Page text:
Professional Communication in Audiology is designed to provide students of audiology and practicing clinicians with a global framework for understanding the role of communication in audiologic practice, as well as practical strategies for implementation of communication principles in a clinical setting.
The introduction to the text describes the importance of communication skills to audiologic practice. This section highlights important aspects of communicating in a clinical setting, including forces affecting reporting guidelines, privacy considerations, and the use of electronic medical records. The next section provides readers with fundamental principles that provide a framework for critically thinking about communication. These universal principles can be applied as a model to all areas of clinical communication. The text then leads the readers through application of these principles in the two most common methods of clinical communication: talking and writing. These skills are discussed specifically in relation to clinical audiologic practice, in the realms of both diagnostic and audiologic intervention paradigms. Examples reflective of real-world encounters are provided. The text also provides abundant examples of audiologic reports that can be utilized as templates in audiologic practice.
Melaine Buhr-Lawler, University of Wisconsin-Madison, International Journal of Audiology (53: 63) (2014):
"The expected level of the intended reader of this book is a student or beginning clinician in audiology. Another potential audience for this book is audiology clinical preceptors, who could use the book as a teaching tool. The book clearly lays out techniques for audiologists to use in communicating with patients and with other professionals. The books chapters are easy to read and organized. The language is correct and straightforward...[T]he title refers to verbal and written communication conducted by audiologists for information gathering, documentation, and correspondence purposes.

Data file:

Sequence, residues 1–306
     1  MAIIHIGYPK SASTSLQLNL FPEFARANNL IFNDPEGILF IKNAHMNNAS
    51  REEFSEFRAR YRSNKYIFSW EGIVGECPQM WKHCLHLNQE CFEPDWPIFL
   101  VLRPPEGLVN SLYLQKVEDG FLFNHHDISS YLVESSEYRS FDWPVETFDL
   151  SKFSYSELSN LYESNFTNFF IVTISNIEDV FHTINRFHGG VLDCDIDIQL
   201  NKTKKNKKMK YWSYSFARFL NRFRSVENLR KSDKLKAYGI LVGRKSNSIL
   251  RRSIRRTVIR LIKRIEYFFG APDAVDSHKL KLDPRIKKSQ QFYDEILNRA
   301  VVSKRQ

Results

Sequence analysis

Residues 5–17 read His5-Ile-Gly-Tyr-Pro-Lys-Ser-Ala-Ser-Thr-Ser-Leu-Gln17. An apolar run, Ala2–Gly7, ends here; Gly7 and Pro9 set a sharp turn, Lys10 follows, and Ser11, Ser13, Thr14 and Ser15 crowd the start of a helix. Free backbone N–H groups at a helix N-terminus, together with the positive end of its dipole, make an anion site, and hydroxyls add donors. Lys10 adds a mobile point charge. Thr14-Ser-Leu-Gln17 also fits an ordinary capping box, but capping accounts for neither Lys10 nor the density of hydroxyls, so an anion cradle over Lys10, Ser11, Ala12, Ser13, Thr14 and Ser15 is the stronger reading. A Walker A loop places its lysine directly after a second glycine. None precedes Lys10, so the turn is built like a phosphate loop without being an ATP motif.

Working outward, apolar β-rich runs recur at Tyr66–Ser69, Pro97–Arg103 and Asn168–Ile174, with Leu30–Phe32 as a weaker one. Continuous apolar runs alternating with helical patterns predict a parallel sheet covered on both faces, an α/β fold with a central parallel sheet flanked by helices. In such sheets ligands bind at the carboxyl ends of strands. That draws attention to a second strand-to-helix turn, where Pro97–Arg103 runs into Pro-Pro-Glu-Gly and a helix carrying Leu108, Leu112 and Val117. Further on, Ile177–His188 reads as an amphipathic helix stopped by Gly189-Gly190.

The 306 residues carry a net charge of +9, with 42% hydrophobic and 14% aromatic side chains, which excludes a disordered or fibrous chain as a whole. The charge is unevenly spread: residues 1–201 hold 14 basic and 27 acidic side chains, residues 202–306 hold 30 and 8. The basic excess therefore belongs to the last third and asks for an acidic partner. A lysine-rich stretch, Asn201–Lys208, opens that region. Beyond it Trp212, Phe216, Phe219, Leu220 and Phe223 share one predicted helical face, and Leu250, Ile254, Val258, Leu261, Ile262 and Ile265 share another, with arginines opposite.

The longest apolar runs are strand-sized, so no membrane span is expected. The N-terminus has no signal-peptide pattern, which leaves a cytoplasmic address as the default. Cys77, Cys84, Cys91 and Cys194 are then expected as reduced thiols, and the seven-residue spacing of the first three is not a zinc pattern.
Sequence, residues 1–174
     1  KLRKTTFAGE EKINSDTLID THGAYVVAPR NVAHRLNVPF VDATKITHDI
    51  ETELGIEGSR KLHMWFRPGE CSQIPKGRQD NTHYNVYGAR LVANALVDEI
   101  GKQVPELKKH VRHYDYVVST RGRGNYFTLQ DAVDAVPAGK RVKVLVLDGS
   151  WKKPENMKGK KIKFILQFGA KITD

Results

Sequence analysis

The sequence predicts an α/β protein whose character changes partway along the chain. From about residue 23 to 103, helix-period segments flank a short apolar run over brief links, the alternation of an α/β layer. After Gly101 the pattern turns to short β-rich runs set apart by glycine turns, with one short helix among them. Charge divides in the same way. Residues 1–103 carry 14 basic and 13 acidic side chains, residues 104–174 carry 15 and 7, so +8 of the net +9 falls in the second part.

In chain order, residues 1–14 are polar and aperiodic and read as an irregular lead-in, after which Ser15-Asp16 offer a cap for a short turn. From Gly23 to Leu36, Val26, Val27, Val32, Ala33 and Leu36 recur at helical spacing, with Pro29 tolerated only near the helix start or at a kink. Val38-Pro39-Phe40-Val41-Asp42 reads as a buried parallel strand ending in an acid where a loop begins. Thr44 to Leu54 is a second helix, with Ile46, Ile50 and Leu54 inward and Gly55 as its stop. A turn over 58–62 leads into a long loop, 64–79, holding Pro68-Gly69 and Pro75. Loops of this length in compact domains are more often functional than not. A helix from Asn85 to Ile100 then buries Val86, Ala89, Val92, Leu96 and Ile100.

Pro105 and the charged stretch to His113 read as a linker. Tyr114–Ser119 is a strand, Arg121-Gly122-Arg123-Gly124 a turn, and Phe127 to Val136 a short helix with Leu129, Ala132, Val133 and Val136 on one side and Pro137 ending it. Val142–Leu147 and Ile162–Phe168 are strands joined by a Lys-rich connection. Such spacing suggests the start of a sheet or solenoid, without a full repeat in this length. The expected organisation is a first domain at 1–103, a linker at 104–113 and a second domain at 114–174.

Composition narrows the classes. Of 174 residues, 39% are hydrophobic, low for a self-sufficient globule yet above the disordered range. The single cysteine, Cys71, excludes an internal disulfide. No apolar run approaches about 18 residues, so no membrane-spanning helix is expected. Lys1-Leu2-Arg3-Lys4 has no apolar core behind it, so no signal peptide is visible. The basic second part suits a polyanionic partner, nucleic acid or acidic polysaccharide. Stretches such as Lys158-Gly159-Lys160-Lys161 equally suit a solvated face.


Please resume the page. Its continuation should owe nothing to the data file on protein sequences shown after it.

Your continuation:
I have integrated information from the case history section and the report writing section into my [own] clinical teaching with AuD students. This book is a helpful tool to explain and consolidate information that students often receive from a number of sources. The references cited were appropriate, comprehensive, and well-documented...Overall, I feel that this is a useful text for the beginning clinician and for AuD students. I would recommend the text as a useful tool for audiology preceptors to help guide their students and for beginning clinicians who are interested in refining their processional interpersonal and written communication skills."
Chapter 1. What Guides Professional Communication?
Part I. Verbal Communication with Patients
Chapter 2. Audiologist as a Communicator: Knowing Your Communication Partner
Chapter 3. Audiologist as Detective: Gathering Evidence
Chapter 4. Audiologist as Counselor: Telling the Story Well
Part II. Written Communication with Health Care Providers
Chapter 5. Written Communication
Chapter 6. Documenting
Chapter 7. Reporting: Telling the Story Well
Chapter 8. Sample Reporting and Documentation
About The Authors
Virginia Ramachandran, AuD, PhD, is a senior staff audiologist and research coordinator in the Division of Audiology, Department of Otolaryngology-Head and Neck Surgery of the Henry Ford Health System in Detroit, Michigan.
Brad Stach, PhD, is Head of Division of Audiology in the Department of Otolaryngology-Head and Neck Surgery with Henry Ford Health System in Detroit, Michigan.
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